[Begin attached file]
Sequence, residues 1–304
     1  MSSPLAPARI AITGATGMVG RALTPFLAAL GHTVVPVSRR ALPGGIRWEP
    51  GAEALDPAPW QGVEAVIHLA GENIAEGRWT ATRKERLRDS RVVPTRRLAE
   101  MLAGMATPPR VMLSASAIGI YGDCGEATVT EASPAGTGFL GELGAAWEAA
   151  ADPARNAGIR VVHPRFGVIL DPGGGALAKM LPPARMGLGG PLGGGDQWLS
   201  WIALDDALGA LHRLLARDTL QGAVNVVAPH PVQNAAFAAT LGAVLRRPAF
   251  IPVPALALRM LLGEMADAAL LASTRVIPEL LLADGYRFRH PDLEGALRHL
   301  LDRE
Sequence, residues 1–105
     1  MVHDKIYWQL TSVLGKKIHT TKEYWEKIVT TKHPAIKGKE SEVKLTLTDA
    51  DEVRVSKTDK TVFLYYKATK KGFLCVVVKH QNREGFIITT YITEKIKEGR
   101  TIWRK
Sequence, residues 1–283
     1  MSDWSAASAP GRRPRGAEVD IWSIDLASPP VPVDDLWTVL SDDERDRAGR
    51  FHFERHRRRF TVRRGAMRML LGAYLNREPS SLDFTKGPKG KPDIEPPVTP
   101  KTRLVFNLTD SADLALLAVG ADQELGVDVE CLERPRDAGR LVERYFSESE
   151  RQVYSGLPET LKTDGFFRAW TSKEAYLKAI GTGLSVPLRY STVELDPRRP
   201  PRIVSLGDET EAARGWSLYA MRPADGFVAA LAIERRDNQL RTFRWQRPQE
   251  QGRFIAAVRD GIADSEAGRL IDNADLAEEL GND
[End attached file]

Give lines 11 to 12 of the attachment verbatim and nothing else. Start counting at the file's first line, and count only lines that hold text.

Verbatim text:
    51  DEVRVSKTDK TVFLYYKATK KGFLCVVVKH QNREGFIITT YITEKIKEGR
   101  TIWRK